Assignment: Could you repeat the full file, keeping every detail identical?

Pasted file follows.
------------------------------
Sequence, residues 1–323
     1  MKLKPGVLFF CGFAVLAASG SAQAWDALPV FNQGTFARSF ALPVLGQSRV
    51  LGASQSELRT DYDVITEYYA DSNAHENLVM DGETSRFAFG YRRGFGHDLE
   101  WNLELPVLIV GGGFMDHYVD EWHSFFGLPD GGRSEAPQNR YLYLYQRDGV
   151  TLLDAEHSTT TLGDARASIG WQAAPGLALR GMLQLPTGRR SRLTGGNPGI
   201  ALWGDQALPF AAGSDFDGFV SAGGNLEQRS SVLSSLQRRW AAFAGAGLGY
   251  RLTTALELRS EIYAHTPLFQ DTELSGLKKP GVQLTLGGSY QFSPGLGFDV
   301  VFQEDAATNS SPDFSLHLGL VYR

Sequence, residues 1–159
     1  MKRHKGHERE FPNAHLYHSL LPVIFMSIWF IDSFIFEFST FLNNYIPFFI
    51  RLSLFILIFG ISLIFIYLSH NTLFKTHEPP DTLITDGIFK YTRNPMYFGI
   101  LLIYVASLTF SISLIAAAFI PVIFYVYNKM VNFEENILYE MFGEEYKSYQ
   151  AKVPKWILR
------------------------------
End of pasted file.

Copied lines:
Sequence, residues 1–323
     1  MKLKPGVLFF CGFAVLAASG SAQAWDALPV FNQGTFARSF ALPVLGQSRV
    51  LGASQSELRT DYDVITEYYA DSNAHENLVM DGETSRFAFG YRRGFGHDLE
   101  WNLELPVLIV GGGFMDHYVD EWHSFFGLPD GGRSEAPQNR YLYLYQRDGV
   151  TLLDAEHSTT TLGDARASIG WQAAPGLALR GMLQLPTGRR SRLTGGNPGI
   201  ALWGDQALPF AAGSDFDGFV SAGGNLEQRS SVLSSLQRRW AAFAGAGLGY
   251  RLTTALELRS EIYAHTPLFQ DTELSGLKKP GVQLTLGGSY QFSPGLGFDV
   301  VFQEDAATNS SPDFSLHLGL VYR

Sequence, residues 1–159
     1  MKRHKGHERE FPNAHLYHSL LPVIFMSIWF IDSFIFEFST FLNNYIPFFI
    51  RLSLFILIFG ISLIFIYLSH NTLFKTHEPP DTLITDGIFK YTRNPMYFGI
   101  LLIYVASLTF SISLIAAAFI PVIFYVYNKM VNFEENILYE MFGEEYKSYQ
   151  AKVPKWILR